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What is Home Healthcare?

Tuesday, January 3, 2017

When looking into home healthcare, there are a wide variety of services available. It helps keep adults as independent as possible at home where family is always most comfortable. It is a great way to keep the patient emotionally happy when they can be home in familiar surroundings instead of an assisted living facility or nursing home. When an illness, injury, or age interrupts normal daily life, it can prove frustrating for all those involved. Someone who requires care never wants to be a burden, which is where home healthcare can help. The options when it comes to home healthcare, however, can feel overwhelming. But, with a little upfront research and discussions with health care professionals, the process can be much easier for all those involved.

The first, and most important step, is to determine what type of care you or your loved one requires. Home healthcare can include physical therapy, skilled nursing, as well as “day-to-day” activity assistance, such as bathing and dressing. Sometimes it can even include cooking, light cleaning, and monitoring medication.

What is important to remember is that there is a difference between home healthcare and home care services. While home healthcare can include some “home assistance,” the focus is on medical care and is provided by licensed professionals, such as practical nurses, therapists, and home health aides. For example, if a patient requires injections, intravenous or nutrition therapy, or serious illness monitoring, a skilled home healthcare professional is the best option.

A home health aide has received formal training and has passed a competency test of some sort. They will typically work for a Medicare-certified home health or hospice agency that is regulated. A home health aide is supervised by a medical professional and can usually help with basic medical care such as administering medication, wound care, and assist with any prescribed exercises.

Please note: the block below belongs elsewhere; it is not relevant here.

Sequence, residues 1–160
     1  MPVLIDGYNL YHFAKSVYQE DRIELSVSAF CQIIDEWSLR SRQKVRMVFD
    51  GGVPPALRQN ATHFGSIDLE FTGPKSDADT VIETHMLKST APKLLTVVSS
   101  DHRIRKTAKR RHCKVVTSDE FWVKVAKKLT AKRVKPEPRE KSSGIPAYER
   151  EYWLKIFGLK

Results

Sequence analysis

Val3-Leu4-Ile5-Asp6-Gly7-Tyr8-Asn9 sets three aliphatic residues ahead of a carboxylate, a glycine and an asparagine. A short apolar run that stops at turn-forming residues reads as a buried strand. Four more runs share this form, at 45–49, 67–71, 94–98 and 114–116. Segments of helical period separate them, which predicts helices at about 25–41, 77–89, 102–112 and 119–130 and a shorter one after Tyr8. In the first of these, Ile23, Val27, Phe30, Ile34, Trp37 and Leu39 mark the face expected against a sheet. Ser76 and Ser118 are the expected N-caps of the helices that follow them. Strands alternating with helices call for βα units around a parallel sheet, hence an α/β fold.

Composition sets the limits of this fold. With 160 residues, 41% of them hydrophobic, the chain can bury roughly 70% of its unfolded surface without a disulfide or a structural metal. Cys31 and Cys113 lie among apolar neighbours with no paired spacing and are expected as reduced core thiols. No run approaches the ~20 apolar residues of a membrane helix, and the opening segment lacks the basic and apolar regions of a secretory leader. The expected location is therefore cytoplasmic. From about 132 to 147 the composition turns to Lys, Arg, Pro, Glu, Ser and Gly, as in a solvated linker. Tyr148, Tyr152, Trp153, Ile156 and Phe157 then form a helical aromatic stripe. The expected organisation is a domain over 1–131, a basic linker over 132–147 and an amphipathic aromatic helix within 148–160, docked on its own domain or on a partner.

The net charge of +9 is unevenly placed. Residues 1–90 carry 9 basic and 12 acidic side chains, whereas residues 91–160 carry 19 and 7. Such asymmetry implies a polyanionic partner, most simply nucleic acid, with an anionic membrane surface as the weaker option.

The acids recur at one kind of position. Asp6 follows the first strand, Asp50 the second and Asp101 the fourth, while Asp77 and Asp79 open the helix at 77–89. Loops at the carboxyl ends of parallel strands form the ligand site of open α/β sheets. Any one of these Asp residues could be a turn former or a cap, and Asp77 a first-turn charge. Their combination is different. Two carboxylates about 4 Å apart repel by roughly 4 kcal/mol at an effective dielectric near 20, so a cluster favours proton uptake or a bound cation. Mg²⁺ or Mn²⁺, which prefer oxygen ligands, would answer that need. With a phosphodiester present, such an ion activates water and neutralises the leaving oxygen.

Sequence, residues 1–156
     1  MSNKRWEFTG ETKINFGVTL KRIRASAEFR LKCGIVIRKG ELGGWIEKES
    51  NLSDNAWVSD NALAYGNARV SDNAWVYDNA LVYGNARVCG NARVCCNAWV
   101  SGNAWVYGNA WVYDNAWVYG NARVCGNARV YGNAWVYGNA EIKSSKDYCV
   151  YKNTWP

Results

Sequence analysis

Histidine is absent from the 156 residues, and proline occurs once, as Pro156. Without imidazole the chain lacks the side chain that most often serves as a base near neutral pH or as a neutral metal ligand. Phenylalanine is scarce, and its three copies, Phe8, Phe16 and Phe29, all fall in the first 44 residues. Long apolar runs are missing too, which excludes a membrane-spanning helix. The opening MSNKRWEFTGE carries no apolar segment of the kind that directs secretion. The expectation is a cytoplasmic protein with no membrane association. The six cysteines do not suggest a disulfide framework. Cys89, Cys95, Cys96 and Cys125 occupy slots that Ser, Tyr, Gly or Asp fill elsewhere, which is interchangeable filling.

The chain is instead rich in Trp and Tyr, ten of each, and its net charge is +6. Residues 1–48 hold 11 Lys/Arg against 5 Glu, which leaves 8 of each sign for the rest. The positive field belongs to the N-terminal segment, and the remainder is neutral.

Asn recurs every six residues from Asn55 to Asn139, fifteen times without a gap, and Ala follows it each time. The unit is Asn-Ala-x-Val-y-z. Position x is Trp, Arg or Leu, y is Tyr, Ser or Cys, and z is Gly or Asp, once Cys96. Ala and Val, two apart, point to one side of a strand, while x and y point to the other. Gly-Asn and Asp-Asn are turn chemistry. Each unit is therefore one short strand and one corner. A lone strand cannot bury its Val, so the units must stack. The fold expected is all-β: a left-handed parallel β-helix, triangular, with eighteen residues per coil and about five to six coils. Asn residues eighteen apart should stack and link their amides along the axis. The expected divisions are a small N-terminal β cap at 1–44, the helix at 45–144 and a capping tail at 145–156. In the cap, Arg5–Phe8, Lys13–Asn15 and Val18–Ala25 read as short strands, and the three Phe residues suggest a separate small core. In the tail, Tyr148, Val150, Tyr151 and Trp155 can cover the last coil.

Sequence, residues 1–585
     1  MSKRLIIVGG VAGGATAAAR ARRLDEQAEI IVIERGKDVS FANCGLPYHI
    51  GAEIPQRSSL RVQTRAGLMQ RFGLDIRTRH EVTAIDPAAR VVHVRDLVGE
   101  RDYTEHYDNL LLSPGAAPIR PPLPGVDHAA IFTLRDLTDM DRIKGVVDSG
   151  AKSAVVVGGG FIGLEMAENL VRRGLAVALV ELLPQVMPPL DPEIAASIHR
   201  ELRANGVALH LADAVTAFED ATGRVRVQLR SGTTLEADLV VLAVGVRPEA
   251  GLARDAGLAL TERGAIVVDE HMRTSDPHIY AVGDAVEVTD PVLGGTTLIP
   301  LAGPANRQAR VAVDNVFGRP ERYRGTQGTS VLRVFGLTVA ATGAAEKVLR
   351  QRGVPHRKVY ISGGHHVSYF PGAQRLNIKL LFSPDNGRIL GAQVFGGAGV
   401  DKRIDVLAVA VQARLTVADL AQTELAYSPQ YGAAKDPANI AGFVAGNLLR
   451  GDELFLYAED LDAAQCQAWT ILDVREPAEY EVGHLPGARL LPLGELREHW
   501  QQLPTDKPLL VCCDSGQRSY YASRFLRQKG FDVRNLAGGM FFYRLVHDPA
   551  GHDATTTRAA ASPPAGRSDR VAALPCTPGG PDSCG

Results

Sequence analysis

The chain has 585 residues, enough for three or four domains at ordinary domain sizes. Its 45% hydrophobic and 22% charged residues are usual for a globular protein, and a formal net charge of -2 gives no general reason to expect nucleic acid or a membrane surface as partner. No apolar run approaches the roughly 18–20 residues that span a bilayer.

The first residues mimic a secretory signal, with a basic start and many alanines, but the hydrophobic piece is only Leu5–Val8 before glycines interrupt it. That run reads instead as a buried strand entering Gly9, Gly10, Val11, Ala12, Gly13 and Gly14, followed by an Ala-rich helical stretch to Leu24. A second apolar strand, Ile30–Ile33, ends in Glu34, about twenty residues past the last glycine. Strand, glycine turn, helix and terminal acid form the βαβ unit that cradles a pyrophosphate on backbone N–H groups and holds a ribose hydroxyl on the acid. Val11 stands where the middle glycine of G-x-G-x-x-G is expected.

A home assistance aid is focused more on needs that include housecleaning, laundry, and meal preparation, as well as personal care such as bathing and dressing. While they are not necessarily licensed, they are often employed by agencies and are supervised by a professional such as a social worker or nurse. By determining what type of care you or your loved one requires, you will be better informed when making a decision. It is also a good idea to consult a family physician or a hospital social worker for additional guidance.

There are a variety of different resources available to help a family with the decision process that can provide a baseline education and introduction to home healthcare, as well as additional resources regarding accreditation information, specific disease/affliction organizations, and other general help. Eldercare functions within the Department of Health and Human Services, and can provide additional resources such as information for each topic associated with home healthcare for the elderly. In New Jersey, the Department of Human Services provides a multitude of information related to caring for someone at home, including home and community-based elder resources and prescription assistance. The Homecare and Hospice Association of New Jersey is another Jersey-focused organization to help families find a variety of different providers based on needs.

What is most important is that you act as an advocate for your family member. Don’t be afraid to ask questions, interview those who will be assisting you or your loved one at home, and make sure to do your research. Most importantly, if you need help with what type of care is required, ask for help. Talk to your family member’s social worker or physician. While this is new to you, they have great experience assistance families with important decisions such as determining the best course of action and what is needed when it comes to home healthcare.

Staff Writer, Jeanine